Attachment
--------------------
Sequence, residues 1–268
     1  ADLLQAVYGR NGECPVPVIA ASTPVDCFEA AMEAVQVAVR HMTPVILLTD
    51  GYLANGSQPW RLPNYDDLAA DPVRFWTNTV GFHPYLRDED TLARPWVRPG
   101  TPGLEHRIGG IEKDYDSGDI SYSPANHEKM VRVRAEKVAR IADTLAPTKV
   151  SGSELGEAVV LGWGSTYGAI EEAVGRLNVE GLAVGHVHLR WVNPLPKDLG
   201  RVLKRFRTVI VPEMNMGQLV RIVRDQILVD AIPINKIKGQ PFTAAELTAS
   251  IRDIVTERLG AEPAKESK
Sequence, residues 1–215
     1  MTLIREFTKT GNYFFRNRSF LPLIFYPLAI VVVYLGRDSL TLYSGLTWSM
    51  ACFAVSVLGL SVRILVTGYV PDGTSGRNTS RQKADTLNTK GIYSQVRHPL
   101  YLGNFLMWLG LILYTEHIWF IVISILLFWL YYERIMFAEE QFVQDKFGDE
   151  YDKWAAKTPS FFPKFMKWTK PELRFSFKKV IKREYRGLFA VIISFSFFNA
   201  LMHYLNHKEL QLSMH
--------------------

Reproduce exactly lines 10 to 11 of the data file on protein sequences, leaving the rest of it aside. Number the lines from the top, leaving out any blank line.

    51  ACFAVSVLGL SVRILVTGYV PDGTSGRNTS RQKADTLNTK GIYSQVRHPL
   101  YLGNFLMWLG LILYTEHIWF IVISILLFWL YYERIMFAEE QFVQDKFGDE